Thursday, June 29, 2006

That’s The Way Of The World (1975) – Earth, Wind & Fire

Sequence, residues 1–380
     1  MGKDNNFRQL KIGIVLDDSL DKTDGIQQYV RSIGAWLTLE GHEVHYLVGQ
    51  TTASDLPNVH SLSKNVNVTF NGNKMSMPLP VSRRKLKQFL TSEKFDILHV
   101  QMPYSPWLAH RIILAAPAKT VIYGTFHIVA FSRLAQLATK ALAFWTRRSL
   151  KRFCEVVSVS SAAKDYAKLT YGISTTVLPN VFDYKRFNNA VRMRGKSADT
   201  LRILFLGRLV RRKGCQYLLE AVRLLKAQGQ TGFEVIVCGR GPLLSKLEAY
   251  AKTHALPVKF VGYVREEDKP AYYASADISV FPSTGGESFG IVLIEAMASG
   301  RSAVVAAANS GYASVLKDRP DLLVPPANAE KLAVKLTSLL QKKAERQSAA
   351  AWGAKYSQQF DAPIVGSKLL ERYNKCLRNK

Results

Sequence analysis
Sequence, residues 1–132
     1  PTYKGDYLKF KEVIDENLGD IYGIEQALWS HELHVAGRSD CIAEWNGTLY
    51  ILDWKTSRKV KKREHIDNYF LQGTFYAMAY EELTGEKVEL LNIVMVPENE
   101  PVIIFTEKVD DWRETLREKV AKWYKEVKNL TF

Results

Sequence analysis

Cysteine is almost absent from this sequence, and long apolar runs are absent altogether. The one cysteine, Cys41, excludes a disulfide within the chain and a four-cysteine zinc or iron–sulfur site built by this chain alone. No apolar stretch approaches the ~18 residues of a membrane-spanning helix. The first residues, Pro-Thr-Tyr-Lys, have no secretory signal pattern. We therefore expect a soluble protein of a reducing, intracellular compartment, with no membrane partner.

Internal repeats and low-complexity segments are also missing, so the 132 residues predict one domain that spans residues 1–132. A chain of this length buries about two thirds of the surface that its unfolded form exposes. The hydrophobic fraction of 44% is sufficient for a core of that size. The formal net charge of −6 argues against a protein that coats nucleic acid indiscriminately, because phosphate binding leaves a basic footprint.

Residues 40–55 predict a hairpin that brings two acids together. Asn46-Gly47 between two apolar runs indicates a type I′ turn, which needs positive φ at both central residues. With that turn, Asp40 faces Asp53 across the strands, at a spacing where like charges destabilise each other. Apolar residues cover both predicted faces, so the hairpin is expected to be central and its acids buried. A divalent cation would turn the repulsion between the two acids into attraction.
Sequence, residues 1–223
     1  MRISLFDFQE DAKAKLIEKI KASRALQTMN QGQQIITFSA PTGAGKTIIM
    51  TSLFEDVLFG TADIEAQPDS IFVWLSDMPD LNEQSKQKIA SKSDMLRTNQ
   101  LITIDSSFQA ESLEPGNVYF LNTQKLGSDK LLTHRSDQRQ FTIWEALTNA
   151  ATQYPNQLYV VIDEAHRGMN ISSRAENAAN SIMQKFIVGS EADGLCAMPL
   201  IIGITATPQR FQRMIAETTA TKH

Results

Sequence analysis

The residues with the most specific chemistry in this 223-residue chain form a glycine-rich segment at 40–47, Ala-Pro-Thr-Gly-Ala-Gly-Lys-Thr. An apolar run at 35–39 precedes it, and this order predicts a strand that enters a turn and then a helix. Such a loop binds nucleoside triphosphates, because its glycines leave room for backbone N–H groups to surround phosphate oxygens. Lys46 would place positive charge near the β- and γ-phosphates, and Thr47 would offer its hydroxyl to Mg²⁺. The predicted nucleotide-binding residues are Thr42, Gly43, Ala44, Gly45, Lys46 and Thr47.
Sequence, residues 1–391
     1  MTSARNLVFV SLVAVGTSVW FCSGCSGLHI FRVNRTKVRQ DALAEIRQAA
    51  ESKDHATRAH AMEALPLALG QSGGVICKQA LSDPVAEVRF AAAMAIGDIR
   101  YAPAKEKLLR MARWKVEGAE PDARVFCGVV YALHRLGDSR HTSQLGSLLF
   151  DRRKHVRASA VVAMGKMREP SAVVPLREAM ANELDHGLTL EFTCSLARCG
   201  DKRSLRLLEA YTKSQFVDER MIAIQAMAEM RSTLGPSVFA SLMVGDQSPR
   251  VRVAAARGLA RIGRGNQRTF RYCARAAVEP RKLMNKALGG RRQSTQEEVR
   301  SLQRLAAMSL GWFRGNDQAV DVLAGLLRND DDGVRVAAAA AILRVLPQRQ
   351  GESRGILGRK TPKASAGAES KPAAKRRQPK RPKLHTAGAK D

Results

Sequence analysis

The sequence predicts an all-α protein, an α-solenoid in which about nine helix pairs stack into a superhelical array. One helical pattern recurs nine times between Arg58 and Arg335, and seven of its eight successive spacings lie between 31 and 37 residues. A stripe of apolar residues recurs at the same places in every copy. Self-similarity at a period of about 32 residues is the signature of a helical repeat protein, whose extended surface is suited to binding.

“That’s The Way Of The World” is a musician’s elysium where euphoric strains waft across golden fields lambent with the lustrous convergence of harmonic elements: Larry Dunn gently lays down twinkles of Fender Rhodes electric piano over a heartbeat of drums; a duo of trombones puff out clouds of muffled brass sprinkling droplets of glockenspiel; Al McKay’s guitar gently massages out a syncopated rhythm; strings glide in airiness. In exalting spiritual transcendence over the mundane, Philip Bailey’s falsetto lends a lofty altitude, while Maurice White’s soulful drawl digs deep into the nitty-gritty. Verdine White’s bassline springs in elasticity as a fulcrum, scaling and shuffling in steps that traverse the ambit of the chord, constantly seeking resolution over surprising and stirring chord progressions. That he co-wrote this song is evident in the line’s momentum that injects a little funk into an otherwise placid ballad, perambulating in one of the most expressive performances ever recorded. Johnny Graham metes out an elliptical solo played on a brand new Stratocaster which forced him to be more restrained than usual, building tension by spacing, sustaining and bending his notes with such finesse so as to elicit facial contortions of gratification. In its calming diffusion, “That’s The Way Of The World” elevates the listener to the upper reaches of enlightenment where a reinvigorating sojourn awaits.

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